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Limit question

  1. Oct 23, 2007 #1
    The problem is

    The limit as x approaches pos infinity ln(square root of x + 5) divided by ln(x)

    In the numerator only x is under the square root. I'm having trouble getting to this answer. If someone can take a look I would really appreciate it.
  2. jcsd
  3. Oct 23, 2007 #2


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    remember ln(sqrt(x)) = 1/2 ln(x).
  4. Oct 23, 2007 #3
    well you can multiply by sqr. rt of x -5/ sqr rt of x -5

    that leaves you with ln x-25/ x(sqr rt of x + 5)
  5. Oct 24, 2007 #4

    Gib Z

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    mathwonk's hint intentionally disregarded the 5 within the argument of the log. Intuitively, as x grows large the 5 within the log becomes insignificant and can be ignored. More rigorously, the natural log of (sqrtx + 5) is asymptotic to log (sqrtx), which means that the difference of the two for a given value of x goes to zero as x goes to infinity, basically [tex]\lim_{n\to\infty} \frac{ \ln (\sqrt{x} +5)}{ \ln \sqrt{x}} = 1[/tex].

    If you want to take your route, you would need to multiply by the log of (sqrtx - 5) instead.
  6. Oct 24, 2007 #5
    if you need to formally show this do you know l'hopital's rule?
  7. Oct 24, 2007 #6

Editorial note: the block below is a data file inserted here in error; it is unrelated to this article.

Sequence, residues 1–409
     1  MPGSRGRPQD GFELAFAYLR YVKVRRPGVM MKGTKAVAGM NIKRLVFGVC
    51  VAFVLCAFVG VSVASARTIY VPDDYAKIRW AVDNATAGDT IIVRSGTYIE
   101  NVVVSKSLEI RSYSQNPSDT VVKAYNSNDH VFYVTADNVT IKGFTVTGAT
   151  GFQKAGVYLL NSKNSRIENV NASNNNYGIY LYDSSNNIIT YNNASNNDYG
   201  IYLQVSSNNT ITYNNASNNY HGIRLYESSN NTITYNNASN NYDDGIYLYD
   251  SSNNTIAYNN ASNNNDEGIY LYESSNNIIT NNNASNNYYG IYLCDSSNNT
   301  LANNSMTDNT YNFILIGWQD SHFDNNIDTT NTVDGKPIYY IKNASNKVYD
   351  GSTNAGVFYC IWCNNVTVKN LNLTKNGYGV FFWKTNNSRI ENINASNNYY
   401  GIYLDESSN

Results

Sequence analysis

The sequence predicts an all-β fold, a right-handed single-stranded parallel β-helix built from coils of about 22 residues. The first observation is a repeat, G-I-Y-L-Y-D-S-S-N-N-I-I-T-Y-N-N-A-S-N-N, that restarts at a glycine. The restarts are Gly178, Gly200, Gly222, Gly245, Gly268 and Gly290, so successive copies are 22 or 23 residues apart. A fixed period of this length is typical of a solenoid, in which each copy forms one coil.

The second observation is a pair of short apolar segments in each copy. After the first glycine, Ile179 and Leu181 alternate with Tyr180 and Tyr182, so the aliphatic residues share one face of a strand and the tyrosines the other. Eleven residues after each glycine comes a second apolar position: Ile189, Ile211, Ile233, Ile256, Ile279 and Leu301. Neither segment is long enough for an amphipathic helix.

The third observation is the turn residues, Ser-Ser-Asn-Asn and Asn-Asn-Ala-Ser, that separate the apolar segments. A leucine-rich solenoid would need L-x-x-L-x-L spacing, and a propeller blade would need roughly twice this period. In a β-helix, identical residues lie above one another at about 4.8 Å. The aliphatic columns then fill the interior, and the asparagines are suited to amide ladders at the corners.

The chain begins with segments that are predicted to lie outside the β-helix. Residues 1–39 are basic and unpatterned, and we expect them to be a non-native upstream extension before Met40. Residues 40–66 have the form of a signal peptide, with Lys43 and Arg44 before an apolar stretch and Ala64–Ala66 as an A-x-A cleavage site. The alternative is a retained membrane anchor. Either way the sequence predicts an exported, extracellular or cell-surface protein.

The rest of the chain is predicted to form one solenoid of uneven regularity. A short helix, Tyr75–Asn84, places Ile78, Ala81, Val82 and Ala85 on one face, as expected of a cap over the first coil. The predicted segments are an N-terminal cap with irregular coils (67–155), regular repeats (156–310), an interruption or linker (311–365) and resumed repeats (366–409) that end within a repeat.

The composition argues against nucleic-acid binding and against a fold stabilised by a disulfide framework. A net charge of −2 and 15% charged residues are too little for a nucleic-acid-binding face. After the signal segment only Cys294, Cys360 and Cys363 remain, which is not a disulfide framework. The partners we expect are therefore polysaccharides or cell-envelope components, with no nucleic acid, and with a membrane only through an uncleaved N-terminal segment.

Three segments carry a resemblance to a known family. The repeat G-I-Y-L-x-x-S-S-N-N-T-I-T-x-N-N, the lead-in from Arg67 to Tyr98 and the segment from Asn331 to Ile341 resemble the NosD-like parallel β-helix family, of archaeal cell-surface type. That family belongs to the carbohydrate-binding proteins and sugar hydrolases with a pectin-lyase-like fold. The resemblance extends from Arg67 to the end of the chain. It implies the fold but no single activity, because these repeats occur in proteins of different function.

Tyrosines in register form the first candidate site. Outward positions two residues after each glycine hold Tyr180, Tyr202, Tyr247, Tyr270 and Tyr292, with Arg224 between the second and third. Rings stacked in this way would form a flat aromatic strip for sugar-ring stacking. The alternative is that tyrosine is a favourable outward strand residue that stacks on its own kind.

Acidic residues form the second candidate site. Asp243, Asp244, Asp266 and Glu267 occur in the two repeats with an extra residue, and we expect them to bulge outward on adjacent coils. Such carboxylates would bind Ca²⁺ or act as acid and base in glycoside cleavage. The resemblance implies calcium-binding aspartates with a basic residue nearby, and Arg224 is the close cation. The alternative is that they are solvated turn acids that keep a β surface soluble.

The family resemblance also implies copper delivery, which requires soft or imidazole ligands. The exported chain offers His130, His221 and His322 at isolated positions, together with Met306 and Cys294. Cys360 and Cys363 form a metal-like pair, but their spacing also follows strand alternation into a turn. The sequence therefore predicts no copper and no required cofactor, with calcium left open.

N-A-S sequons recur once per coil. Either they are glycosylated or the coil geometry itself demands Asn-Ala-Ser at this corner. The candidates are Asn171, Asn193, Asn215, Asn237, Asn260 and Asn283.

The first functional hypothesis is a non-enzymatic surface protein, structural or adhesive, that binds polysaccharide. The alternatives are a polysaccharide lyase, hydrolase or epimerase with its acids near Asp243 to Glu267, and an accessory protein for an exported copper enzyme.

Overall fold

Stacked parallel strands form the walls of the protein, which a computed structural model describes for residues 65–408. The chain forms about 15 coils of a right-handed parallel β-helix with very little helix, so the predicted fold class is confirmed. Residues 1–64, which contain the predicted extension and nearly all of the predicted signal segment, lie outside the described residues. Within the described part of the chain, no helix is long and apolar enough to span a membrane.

no, i don't know that rule yet. But gib, the actual problem has ln(x) in the denomator, not the sqr. rt. So does that make it 0?
  8. Oct 24, 2007 #7
    well on a calculator i come up with 1/2
    can someone tell me the best way to go about solving this?
  9. Oct 25, 2007 #8

    Gib Z

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    I know the denominator doesnt have the sqrt mate, but your missing my point. Im saying, The numerator can be replaced with ln(sqrtx) instead of the whole thing, because of the reasons i said before: the plus 5 becomes insignificant as x goes to infinity!! If you just neglected the 5, which you have shown you can do, take mathwonks post into account and take this problem down!!
  10. Oct 25, 2007 #9
    .5 got it thanks
  11. Oct 26, 2007 #10
    Did someone delete my post? ;0
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